Select Committee on Health Minutes of Evidence


Examination of Witnesses (Questions 500 - 519)

THURSDAY 15 NOVEMBER 2001

MR MICHAEL DAVIS, MR TIM STONE, MR MARK GRITTEN, MR MIKE DEEGAN, MS HELEN JACKSON, MS JANE HERBERT AND PROFESSOR ALLYSON POLLOCK

  500. Even though your PFI was value-for-money you had to make it smaller because—?
  (Ms Herbert) That would be an over statement. All I am saying is there is more pressure in the system to reduce beds if you have a PFI scheme. I am by no means saying it is the driving factor, that would be totally incorrect.

  501. If it had been a public sector scheme would it have been a bigger scheme?
  (Ms Herbert) I could not say that either. I would just say there is more pressure to get the scheme affordable, in my view, if it is a PFI.

  502. Why is there more pressure if it is supposedly value-for-money?
  (Ms Herbert) The value-for-money issue, I would suggest, is quite marginal, it is based on a number of assumptions, including risk transfer, and the other things we have mentioned.

  503. Is it because you were not offered smoothing monies early enough?
  (Ms Herbert) No. I would say that we were always going to be under pressure at the time that we did our PFI to reduce bed numbers and to make the scheme affordable in the sense that it actually cost the health economy less after the reconfiguration than before. I am also saying there was, to some extent, more pressure on us, I could not quantify it, maybe 10 per cent more pressure because of the PFI, because of the front loading of the cost despite smoothing monies to help that along.
  (Mr Deegan) It is a slightly different position in Central Manchester, and demonstrates the difference between PFI schemes which were up and running prior to the major expansionist philosophy from the NHS Plan and those planned in the last year. In our scheme we are looking at how we can meet all of the access targets in the NHS Plan, the demand of the National Service Frameworks, so we are sitting down with our staff and PCTs and other colleagues to work that through. In our written memorandum of evidence we said there would be an extra 100 beds; there is acutally 190 extra beds and ten extra theatres.

  504. Would there have been even more if you were looking at a public sector scheme?
  (Mr Deegan) It would be the same analysis.

Chairman

  505. Professor Pollock, you have argued very strongly about the future of PFI, have you any comment on the comments you heard from your colleagues to your right?
  (Professor Pollock) I think there is absolutely no doubt that the affordability problems drove this, especially when you look at the planning and the full business cases of many of the trusts. I think also there is no doubt that since the National Bed Inquiry the government has realised the political significance of beds, there has been a massive reversal in policy. You have seen that in the policy that was published following the National Bed Inquiry a year ago last June. It should be no surprise that we are looking at a situation. Beds are still closing, even this year NHS beds closed, this time it was only 300 or 400 hundred beds.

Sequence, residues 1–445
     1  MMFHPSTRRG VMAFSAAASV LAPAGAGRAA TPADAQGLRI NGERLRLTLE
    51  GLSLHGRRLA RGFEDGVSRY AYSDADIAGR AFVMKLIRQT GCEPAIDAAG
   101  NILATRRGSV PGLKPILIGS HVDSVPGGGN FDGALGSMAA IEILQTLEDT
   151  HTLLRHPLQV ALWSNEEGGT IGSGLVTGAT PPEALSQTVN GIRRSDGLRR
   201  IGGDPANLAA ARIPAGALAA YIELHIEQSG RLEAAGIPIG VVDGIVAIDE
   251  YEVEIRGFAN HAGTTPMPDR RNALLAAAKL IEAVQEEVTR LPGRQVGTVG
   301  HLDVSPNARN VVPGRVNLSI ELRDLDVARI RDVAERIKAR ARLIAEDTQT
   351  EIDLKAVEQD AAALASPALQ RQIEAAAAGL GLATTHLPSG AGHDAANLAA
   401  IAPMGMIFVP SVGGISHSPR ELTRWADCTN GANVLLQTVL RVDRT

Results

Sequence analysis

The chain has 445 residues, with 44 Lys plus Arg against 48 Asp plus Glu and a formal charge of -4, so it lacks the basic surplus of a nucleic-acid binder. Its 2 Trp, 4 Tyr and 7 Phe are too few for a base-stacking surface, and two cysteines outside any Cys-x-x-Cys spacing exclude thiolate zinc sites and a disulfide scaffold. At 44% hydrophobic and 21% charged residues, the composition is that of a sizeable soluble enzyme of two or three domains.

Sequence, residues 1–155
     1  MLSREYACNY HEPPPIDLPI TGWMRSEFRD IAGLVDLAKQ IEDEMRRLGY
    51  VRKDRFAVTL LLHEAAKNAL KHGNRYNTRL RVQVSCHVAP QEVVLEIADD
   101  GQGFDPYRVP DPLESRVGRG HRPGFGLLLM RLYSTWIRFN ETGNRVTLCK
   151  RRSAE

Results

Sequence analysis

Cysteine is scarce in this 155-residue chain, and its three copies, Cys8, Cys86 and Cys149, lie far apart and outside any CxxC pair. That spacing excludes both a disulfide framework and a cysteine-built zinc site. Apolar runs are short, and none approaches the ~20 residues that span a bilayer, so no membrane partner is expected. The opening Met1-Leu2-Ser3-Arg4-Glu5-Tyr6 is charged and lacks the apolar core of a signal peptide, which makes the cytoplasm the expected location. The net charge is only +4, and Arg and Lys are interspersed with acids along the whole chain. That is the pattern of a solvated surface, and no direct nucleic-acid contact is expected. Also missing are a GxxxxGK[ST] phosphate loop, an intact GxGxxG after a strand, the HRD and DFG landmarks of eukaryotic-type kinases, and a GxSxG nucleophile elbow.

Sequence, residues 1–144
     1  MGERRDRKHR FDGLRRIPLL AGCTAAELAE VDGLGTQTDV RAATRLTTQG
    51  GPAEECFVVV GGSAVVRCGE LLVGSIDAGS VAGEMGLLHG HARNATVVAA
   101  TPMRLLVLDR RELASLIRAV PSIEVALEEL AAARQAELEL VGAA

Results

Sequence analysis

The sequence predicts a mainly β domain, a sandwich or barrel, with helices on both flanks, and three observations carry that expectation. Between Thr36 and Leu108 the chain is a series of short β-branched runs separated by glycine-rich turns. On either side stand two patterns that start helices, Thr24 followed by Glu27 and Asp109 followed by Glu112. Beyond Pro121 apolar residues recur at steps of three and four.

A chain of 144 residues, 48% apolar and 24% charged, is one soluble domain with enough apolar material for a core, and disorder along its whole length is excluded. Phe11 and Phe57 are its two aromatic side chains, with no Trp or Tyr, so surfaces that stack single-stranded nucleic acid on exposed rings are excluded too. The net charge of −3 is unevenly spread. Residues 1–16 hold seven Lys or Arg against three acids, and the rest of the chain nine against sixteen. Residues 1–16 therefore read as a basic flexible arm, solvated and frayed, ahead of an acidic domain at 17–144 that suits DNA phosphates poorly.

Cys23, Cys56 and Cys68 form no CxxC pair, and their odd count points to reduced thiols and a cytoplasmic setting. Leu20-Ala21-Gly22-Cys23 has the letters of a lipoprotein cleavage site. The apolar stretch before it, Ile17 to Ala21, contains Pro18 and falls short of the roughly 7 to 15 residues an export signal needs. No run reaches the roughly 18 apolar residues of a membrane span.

Julia Drown

  506. Are you saying that because of the change of policy PFI is now producing more beds?
  (Professor Pollock) No. I am saying two things, one is that the implication of debt finance and capital charges put a massive pressure on trusts and led to bed closures. This was compounded and exacerbated by the fact that trusts got into PFI deals, I think South Manchester confirms that. That was revealed both in the business cases and also when we talked to people you could see that very clearly. The government is now clearly very sensitive to this issue and is taking steps to try and remedy it, although I think in Carlisle there is a private hospital being built in the grounds at the moment.

Dr Naysmith

  507. It is very, very important and crucial to our argument that there is no doubt there is a correlation in time between the reduction in bed numbers in all hospitals, whether they are new ones or old ones or ones that are about to be built, and it was so early in the days of this government as well when there was pressure to reduce the number of beds. People were told they had to increase efficiency and throughput and get 98 per cent efficiency, and things like. This was happening at the same time as PFI was, new schemes were coming in. What you are saying is that PFI reduced the bed numbers more, because there were PFI schemes, than similar hospitals elsewhere were doing. We know that PFI was unpopular, if you go around and ask people in the health community they are immediately going to look for a reason why bed numbers are going down. Is that PFI that is doing it? You know as well as I do you can correlate all sorts of things with all sorts of things, what is important is establishing some type of causal relationship, and that is what is really missing. We went to Durham, where you say it is very clear that that is what happened, and the people at Durham did not necessarily agree with that.